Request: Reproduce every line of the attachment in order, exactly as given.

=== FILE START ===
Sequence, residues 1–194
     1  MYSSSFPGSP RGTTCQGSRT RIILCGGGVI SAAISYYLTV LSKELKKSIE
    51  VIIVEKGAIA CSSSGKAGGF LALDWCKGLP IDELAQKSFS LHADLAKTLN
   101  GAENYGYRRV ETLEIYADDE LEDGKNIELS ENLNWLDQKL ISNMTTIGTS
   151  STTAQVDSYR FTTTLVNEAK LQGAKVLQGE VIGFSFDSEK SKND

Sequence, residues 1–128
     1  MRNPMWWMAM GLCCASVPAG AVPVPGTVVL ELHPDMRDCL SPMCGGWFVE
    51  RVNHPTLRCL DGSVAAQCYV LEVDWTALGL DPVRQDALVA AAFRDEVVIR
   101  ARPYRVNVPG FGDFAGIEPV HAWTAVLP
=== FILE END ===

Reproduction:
Sequence, residues 1–194
     1  MYSSSFPGSP RGTTCQGSRT RIILCGGGVI SAAISYYLTV LSKELKKSIE
    51  VIIVEKGAIA CSSSGKAGGF LALDWCKGLP IDELAQKSFS LHADLAKTLN
   101  GAENYGYRRV ETLEIYADDE LEDGKNIELS ENLNWLDQKL ISNMTTIGTS
   151  STTAQVDSYR FTTTLVNEAK LQGAKVLQGE VIGFSFDSEK SKND

Sequence, residues 1–128
     1  MRNPMWWMAM GLCCASVPAG AVPVPGTVVL ELHPDMRDCL SPMCGGWFVE
    51  RVNHPTLRCL DGSVAAQCYV LEVDWTALGL DPVRQDALVA AAFRDEVVIR
   101  ARPYRVNVPG FGDFAGIEPV HAWTAVLP